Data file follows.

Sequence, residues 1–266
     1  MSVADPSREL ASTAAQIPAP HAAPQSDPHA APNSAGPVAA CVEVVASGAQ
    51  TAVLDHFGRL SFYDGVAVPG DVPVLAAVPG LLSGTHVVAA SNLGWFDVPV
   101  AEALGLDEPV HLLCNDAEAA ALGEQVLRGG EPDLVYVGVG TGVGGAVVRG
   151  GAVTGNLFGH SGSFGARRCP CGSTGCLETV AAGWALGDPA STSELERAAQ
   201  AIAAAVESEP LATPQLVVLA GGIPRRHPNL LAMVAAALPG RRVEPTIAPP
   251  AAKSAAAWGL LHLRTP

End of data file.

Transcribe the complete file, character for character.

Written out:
Sequence, residues 1–266
     1  MSVADPSREL ASTAAQIPAP HAAPQSDPHA APNSAGPVAA CVEVVASGAQ
    51  TAVLDHFGRL SFYDGVAVPG DVPVLAAVPG LLSGTHVVAA SNLGWFDVPV
   101  AEALGLDEPV HLLCNDAEAA ALGEQVLRGG EPDLVYVGVG TGVGGAVVRG
   151  GAVTGNLFGH SGSFGARRCP CGSTGCLETV AAGWALGDPA STSELERAAQ
   201  AIAAAVESEP LATPQLVVLA GGIPRRHPNL LAMVAAALPG RRVEPTIAPP
   251  AAKSAAAWGL LHLRTP